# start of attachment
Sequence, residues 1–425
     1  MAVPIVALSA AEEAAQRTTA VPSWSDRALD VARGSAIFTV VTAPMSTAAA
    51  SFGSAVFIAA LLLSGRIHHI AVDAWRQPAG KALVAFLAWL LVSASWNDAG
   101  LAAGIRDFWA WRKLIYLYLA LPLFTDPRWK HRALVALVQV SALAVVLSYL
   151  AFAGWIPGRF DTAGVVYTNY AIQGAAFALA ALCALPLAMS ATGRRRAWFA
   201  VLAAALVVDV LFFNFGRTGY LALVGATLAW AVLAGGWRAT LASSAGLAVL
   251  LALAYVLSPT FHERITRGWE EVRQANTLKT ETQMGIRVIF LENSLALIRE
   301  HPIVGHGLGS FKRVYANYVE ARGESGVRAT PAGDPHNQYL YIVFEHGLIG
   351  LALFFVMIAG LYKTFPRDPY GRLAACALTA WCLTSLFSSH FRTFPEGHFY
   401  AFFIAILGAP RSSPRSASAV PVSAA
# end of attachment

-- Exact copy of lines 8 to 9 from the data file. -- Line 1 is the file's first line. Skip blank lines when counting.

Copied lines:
   301  HPIVGHGLGS FKRVYANYVE ARGESGVRAT PAGDPHNQYL YIVFEHGLIG
   351  LALFFVMIAG LYKTFPRDPY GRLAACALTA WCLTSLFSSH FRTFPEGHFY